Victorian London - Health and Hygiene - Sewers and Sanitation - Condition of water

I am in better health, avoiding all fermented liquors, and drinking nothing but London water. with a million insects in every drop. He who drinks a tumbler of London water has literally in his stomach more animated beings than there are men, women and children on the face of the globe ...

letter from Sydney Smith to Lady Grey, A Memoir by His Daughter, Lady Holland, 1834

I am of the opinion, that not one half of the entire filth produced in the metropolis finds its way into the sewers, but is retained in the cesspools and drains in and about the houses, where it lies decomposing, giving off noxious effluvia and poisonous sulphuretted hydrogen and other gases which constantly infect the atmosphere of such houses from top to bottom, and which, of course, the inhabitants are constantly breathing ... There are hundreds, I may say thousands, of houses in the metropolis which have no drainage whatever, and the greater part of them having stinking overflowing cesspools. And there are also hundreds of streets, courts and alleys that have no sewers; and how the drainage and filth is conveyed away, and how the poor miserable inhabitants live in such places it is hard to tell. In pursuance of my duties, from time to time I have visited very many places where filth of all kinds was lying scattered about the rooms, vaults, cellars, areas, and yards, so thick, and so deep, that it was hardly possible to move for it. I have also seen in such places, human beings living and sleeping in sunk rooms, with filth from overflowing cesspools exuding through and running down the walls and over the floors. It is utterly hopeless to expect to meet with either civilization, benevolence, religion or virtue, in any shape, where so much filth and wretchedness abounds ... Morality, and the whole economy of domestic existence is outraged and deranged by so much suffering and misery.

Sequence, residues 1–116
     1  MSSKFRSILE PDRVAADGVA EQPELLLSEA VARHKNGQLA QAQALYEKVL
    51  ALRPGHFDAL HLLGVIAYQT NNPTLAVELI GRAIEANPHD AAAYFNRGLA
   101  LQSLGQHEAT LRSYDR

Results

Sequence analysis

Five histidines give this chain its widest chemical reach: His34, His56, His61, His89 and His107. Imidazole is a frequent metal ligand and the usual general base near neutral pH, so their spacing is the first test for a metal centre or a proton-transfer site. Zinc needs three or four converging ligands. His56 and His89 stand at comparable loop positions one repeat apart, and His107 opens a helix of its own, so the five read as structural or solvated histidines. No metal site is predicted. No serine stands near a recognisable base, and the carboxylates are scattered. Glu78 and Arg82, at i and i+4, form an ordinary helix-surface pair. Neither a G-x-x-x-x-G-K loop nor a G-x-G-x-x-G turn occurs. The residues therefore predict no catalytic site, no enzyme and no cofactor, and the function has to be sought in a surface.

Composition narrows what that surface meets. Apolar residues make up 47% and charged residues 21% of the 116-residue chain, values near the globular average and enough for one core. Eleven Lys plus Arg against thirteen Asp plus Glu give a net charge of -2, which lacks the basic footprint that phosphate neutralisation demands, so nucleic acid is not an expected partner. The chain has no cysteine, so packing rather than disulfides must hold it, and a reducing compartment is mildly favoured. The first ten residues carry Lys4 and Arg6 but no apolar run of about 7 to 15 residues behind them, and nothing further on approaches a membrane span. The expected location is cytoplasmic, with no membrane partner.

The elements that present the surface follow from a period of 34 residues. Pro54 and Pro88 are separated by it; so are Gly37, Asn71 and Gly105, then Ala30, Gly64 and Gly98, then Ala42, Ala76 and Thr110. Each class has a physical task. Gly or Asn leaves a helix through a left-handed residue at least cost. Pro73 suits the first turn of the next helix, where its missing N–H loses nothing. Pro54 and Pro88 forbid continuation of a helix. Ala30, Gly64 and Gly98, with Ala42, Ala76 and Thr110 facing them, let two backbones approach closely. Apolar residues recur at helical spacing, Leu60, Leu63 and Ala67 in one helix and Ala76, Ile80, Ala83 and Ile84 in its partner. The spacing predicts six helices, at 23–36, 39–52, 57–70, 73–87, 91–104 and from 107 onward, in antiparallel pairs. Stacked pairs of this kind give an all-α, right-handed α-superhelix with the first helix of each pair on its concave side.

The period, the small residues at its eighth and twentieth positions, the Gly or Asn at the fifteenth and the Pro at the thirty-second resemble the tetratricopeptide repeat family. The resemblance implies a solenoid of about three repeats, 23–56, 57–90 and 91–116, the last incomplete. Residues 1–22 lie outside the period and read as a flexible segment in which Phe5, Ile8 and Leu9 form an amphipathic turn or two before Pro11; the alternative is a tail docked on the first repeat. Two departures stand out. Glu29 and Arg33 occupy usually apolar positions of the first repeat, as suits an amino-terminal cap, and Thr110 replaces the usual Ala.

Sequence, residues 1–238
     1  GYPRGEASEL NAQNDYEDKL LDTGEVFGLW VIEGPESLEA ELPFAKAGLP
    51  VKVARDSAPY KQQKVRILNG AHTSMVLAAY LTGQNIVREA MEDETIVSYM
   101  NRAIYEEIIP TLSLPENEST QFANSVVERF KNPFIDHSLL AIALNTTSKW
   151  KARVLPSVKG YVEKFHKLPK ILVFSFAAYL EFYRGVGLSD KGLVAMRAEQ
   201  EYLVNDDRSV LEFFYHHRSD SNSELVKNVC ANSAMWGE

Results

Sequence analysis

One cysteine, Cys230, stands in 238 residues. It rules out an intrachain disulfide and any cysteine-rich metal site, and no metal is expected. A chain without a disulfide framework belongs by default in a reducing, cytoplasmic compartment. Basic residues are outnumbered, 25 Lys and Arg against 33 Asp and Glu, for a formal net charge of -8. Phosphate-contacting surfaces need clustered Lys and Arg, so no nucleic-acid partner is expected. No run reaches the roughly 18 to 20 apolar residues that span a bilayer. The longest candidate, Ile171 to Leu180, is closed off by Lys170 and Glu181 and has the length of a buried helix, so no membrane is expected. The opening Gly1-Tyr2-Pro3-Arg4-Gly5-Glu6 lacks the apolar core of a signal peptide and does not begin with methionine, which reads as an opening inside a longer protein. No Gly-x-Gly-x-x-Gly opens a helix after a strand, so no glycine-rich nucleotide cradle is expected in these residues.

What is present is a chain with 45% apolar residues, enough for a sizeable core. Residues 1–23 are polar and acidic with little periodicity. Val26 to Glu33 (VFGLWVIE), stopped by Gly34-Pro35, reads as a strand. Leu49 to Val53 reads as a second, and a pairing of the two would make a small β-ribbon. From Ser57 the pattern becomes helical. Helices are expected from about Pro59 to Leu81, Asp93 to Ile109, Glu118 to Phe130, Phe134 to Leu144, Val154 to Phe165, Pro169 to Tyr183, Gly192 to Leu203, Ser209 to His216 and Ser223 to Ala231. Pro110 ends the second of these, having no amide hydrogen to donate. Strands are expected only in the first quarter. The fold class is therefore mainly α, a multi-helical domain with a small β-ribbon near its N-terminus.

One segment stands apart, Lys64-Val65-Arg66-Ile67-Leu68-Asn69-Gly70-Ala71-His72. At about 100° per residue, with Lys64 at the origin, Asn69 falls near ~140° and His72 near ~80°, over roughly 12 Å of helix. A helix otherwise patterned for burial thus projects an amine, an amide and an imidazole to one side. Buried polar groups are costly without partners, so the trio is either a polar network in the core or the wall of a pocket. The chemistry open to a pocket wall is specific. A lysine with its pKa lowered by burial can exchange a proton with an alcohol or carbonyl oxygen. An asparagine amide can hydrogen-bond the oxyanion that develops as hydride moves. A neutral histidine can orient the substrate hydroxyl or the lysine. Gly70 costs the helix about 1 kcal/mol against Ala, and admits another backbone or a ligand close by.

John Phillips, surveyor of the Westminster Court of Sewers, report to Royal Commission 1847

THE WATER THAT JOHN DRINKS

This is the water that JOHN drinks.

This is the Thames with its cento of stink,
That supplies the water that JOHN drinks.

These are the fish that float in the ink-
y stream of the Thames with its cento of stink,
That supplies the water that JOHN drinks

This is the sewer from cesspool and sink,
That feeds the fish that float in the ink-
y stream of the Thames with its cento of stink,
That supplies the water that JOHN drinks.

These are vested int'rests, that fill to the brink,
The network of sewer from cesspool and sink,
That feed the fish that float in the ink-
y stream of the Thames with its cento of stink,
That supplies the water that JOHN drinks.

This is the price that we pay to wink,
At the vested int'rests, that fill to the brink,
The network of sewer from cesspool and sink,
That feed the fish that float in the ink-
y stream of the Thames with its cento of stink,
That supplies the water that JOHN drinks.

Punch, Jul.-Dec. 1849

A RARE BEVERAGE

"WATER, SIR? YES, SIR? THE REAL THING OR THE SUBSTITUTE, SIR? REAL WATER VERY DEAR, SIR; A SHILLING A GLASS, SIR."

Punch, Jul.-Dec. 1849

DRINKING WATER supplied by the water companies ought to be filtered before it is drunk. So prepared it is now more wholesome than the waters of springs and pumps, which are liable to the pollution of gas and sewage.

Murray's Handbook to London As It Is, 1879